MPs warn of ‘two-tier’ system for council support of refugees

A ‘two-tier’ system is developing between local authorities who provide support for asylum seekers and those who do not, the Home Affairs Select Committee has said.

Following public outcry at the pictures of Aylan Kurdi, a three-year-old Syrian refugee whose body washed up on a beach in Turkey after a boat he was travelling on capsized, the UK government committed to expanding the Syrian Vulnerable Persons Resettlement Scheme to take 20,000 refugees by 2020.

However, the committee’s report into the UK’s response to the migration crisis shows that just 71 local authorities have accepted any refugees under the scheme.

The individual authority which has taken the greatest amount is Coventry, which has accepted 105.

The report said that although the country has successfully met the target of accommodating 1,000 refugees by December 2015, more must be done to ensure it fulfils the goals of the scheme.

“There is now a two-tier system among local authorities, with some providing support to Syrian refugees and others not doing so,” the report said.

“A similar two-tier system applies in the level of support local authorities provide for other asylum-seekers. The government needs to be much more proactive in encouraging a fair distribution of asylum seekers throughout the country and ministers should take the lead on this, by encouraging their own local authorities to take their fair share of refugees.”

The report follows warnings last year from Joe Anderson, mayor of Liverpool, of a system of ‘asylum apartheid’ between poor northern cities and rich southern ones. 

However, the LGA challenged the committee’s claims. Cllr David Simmonds, chair of the LGA’s asylum, refugee and migration task group, said: “This report is out of date. We are confident that there will be sufficient places that will support the government's pledge to resettle 20,000 people by 2020 and the focus must now be on ensuring families are matched to the right placements and that they arrive safely and are well supported.”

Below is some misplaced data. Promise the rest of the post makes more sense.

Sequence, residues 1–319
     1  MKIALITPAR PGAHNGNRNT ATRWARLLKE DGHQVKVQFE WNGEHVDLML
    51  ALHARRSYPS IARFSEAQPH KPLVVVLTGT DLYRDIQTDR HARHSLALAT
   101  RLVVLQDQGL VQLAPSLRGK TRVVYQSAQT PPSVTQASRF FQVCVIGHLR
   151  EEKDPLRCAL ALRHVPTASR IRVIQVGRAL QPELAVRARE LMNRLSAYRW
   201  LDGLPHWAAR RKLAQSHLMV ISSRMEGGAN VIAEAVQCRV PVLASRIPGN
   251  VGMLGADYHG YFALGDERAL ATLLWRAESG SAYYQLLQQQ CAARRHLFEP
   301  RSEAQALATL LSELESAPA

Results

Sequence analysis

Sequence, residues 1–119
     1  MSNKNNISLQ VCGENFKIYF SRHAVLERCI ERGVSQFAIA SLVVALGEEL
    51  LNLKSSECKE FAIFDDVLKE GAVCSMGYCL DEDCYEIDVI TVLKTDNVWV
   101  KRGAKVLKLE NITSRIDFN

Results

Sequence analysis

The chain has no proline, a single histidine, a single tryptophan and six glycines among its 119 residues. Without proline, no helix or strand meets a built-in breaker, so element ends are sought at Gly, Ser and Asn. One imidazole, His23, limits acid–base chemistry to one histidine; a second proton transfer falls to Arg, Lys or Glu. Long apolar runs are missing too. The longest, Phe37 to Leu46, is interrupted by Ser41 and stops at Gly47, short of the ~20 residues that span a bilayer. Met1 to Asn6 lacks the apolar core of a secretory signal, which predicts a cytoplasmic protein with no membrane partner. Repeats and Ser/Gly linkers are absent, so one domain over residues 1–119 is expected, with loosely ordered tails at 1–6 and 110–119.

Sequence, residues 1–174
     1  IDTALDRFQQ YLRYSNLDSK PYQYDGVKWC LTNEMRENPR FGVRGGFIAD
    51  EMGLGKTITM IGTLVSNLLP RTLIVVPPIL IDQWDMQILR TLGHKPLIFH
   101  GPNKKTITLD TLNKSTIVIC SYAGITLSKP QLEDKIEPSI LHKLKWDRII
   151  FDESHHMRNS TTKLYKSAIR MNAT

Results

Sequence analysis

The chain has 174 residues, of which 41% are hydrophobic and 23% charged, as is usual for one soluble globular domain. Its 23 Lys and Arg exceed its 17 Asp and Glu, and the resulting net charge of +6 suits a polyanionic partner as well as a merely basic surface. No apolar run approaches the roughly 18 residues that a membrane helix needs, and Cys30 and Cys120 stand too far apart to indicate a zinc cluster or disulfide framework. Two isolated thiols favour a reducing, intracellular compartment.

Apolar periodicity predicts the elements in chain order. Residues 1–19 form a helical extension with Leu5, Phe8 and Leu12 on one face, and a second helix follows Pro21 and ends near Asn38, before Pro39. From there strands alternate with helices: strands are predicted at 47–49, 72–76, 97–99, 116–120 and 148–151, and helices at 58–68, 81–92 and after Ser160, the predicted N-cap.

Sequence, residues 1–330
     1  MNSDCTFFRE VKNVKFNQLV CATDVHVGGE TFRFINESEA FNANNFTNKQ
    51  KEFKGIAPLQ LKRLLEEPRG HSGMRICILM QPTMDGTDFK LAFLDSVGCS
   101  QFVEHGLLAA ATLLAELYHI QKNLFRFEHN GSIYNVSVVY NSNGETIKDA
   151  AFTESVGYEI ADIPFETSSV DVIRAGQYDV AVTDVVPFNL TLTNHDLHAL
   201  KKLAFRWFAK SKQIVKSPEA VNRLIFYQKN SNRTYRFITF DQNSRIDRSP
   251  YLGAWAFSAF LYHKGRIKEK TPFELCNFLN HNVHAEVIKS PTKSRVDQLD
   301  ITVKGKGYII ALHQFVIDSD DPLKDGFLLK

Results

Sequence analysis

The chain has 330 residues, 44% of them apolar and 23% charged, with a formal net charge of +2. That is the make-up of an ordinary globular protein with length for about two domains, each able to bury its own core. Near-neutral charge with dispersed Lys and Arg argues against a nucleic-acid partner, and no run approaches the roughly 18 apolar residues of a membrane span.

Another report from the committee, published in March, also warned that disproportionate amounts of asylum seekers are being placed with less well-off authorities.

In addition, it criticised the Home Office for offering insufficient oversight of the companies it has contracted to provide accommodation for asylum seekers.

Paul Hook, head of campaigns at charity Refugee Action, said: “The UK can and must go further to welcome more refugees to Britain and ensure those refugees are properly supported to rebuild their lives once they’re here.

“Whilst Britain’s relationship with its European neighbours is at a crossroads, our role in the world as a country with compassion and respect for those that need our help has not changed.”

A Home Office spokesperson said its priority is to offer humanitarian support to those most in need while maintaining the security of our borders.

“We have already provided refuge for more than 1,800 Syrian refugees through our Vulnerable Persons Resettlement Scheme. We are committed to resettling 20,000 refugees by the end of this Parliament and we are on track to deliver,” they added. “Through the Immigration Act 2016 we have also made clear our commitment to bringing very vulnerable children from Europe. 

“At the same time we continue to work tirelessly to maintain the security of our border, intercepting attempts to enter the UK illegally and targeting the callous gangs that profit from people smuggling.

“We will respond to the committee's recommendations in due course.”

(Image c. Kerstin Joensson from AP Photo)

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